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Even before year-end, 2020's new drug approvals match FDA's 2019 stats

Posted 07 December 2020 | By Kari Oakes 

Even before year-end, 2020's new drug approvals match FDA's 2019 stats

The US Food and Drug Administration (FDA) has kept its new drug approvals for 2020 on track to match or best approvals in 2019, despite the COVID-19 pandemic.
 
By 4 December 2020, FDA had amassed a list of 48 new molecular entities and new therapeutic biological products approved by the agency’s Center for Drug Evaluation and Research (CDER), equaling the total for 2019. (RELATED: FDA: 2019 continues uptick in orphan drug approvals, Regulatory Focus 06 January 2020)
 
As the pandemic blossomed and in-person inspections became difficult or impossible to complete, FDA has issued guidance for industry in the form of a question-and-answer document addressing manufacturing, supply chain, and drug and biological product inspections during the public health emergency.
 
In terms of pre-approval inspections, FDA has been using “other tools and approaches where possible,” including relying on foreign regulators and seeking detailed records and information from applicants and other inspected entities.
 
While FDA has expressed a commitment to continuing “mission-critical” inspections, the agency still reserves the right to take into consideration the safety of its investigators and other participants in the inspection process. Pandemic-related travel restriction have hampered inspections and, in some cases, have caused the agency to miss its Prescription Drug User Fee Act (PDUFA) action dates.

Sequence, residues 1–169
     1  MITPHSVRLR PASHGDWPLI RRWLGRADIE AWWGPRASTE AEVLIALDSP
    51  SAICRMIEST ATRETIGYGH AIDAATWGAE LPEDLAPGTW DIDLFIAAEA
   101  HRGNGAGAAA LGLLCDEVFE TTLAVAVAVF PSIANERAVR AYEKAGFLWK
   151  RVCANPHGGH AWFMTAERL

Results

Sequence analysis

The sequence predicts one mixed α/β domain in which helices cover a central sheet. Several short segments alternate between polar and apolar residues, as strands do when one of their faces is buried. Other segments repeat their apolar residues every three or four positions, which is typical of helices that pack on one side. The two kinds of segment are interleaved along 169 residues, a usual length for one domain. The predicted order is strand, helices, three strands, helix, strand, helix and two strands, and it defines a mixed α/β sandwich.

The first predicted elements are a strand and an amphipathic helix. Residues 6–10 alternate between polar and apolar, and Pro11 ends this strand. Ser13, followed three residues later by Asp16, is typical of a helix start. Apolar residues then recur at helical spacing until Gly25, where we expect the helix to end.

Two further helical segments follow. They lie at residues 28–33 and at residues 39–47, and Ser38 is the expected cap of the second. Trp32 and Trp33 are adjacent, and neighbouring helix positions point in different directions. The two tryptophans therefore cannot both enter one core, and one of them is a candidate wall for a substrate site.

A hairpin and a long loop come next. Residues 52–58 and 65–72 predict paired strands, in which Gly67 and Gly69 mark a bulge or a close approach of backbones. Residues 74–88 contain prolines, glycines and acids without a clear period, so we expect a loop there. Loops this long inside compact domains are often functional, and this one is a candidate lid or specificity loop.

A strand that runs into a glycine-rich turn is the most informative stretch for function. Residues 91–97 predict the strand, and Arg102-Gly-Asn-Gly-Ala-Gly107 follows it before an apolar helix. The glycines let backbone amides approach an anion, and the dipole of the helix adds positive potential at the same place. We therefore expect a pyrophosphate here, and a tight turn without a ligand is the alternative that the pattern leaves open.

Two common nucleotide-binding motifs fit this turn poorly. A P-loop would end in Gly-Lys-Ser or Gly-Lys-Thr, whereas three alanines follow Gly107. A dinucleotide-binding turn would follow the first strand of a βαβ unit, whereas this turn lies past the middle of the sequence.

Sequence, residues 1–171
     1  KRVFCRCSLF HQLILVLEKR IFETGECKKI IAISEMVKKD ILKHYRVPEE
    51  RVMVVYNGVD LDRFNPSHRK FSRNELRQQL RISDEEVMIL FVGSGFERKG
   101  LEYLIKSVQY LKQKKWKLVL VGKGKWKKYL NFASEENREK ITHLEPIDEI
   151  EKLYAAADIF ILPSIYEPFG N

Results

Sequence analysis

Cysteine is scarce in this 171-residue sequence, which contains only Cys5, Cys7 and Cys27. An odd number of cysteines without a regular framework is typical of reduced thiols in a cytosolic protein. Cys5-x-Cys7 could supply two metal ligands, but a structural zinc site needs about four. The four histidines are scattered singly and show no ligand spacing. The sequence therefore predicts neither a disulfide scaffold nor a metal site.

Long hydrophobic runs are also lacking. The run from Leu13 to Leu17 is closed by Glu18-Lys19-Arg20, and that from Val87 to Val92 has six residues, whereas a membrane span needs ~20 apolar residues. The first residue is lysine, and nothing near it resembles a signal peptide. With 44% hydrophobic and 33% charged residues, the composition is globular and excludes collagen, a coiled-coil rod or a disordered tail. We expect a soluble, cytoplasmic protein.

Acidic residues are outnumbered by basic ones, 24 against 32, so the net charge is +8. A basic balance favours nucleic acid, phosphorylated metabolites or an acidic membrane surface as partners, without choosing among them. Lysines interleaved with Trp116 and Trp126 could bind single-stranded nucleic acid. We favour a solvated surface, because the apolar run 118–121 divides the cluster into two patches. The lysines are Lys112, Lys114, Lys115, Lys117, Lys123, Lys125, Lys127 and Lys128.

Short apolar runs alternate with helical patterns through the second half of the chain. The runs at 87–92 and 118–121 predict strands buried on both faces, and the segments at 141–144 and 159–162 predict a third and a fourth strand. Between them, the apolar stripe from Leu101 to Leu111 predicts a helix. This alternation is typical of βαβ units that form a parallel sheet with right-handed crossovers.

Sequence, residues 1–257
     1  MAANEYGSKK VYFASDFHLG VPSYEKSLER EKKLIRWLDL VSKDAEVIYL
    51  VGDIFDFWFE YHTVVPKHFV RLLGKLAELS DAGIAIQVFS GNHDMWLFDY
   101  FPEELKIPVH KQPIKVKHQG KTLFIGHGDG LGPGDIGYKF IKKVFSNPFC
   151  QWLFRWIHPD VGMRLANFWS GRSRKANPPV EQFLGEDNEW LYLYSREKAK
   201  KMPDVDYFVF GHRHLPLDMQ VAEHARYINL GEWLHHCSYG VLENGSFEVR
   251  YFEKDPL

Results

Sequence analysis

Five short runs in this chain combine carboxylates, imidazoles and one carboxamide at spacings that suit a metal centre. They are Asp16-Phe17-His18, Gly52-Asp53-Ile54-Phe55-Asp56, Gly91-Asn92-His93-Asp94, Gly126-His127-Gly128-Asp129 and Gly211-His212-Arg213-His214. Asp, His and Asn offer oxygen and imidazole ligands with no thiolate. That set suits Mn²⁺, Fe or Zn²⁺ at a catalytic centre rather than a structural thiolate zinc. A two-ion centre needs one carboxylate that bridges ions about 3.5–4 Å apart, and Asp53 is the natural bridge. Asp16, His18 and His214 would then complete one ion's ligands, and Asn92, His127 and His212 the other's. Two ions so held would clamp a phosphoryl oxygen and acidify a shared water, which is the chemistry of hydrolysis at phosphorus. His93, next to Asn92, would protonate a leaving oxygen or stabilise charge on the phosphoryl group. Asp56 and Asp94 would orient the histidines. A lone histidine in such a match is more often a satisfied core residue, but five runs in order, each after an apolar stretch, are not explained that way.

Bristol Myers Squibb’s PDUFA action date was 16 November 2020 for its biologics license application (BLA) for the lymphoma treatment lisocabtagene maraleucel (liso-cel). However, the company announced on that date that “The FDA was unable to conduct an inspection…due to the travel restrictions related to the COVID-19 pandemic.”
 
In the case of liso-cel, FDA is deferring action until a physical inspection can occur; no new action date has been set, according to the pharmaceutical company.
 
However, Liquidia Technologies received a complete response letter (CRL) from FDA on 25 November for its novel inhalation powder, LIQ861 (Treprostinil) to treat pulmonary arterial hypertension. According to the firm’s press release announcing the CRL, FDA “reconfirmed the need to conduct on-site pre-approval inspections (PAIs) of two of Liquidia’s U.S. manufacturing facilities before the application can be approved.”
 
Although the press release said that FDA also needed more clarification about Liquidia’s chemistry, manufacturing and controls data, the firm said that inability to conduct in-person inspections also factored into the agency’s decision:  “The FDA noted it had been unable to conduct these inspections during the initial review cycle due to COVID-19 related travel restrictions.”
 
In 2020, 15 of the 48 approvals were for cancer therapies; FDA also gave the nod to four new radiotracers including Tauvid (flortaucipir F18, Avid Radiopharmaceuticals), indicated for use as a diagnostic agent for patients with Alzheimer’s disease.
 
Remdesivir’s October 2020 approval (Veklury, Gilead) made it the first drug to receive full FDA approval for the treatment of COVID-19. The action came soon after FDA also approved the first treatment for Ebola virus.
 
A number of applications still sit before FDA with PDUFA action dates between now and the end of 2020; whether
 
FDA
 
 
 
 

Tags: coronavirus, FDA, US

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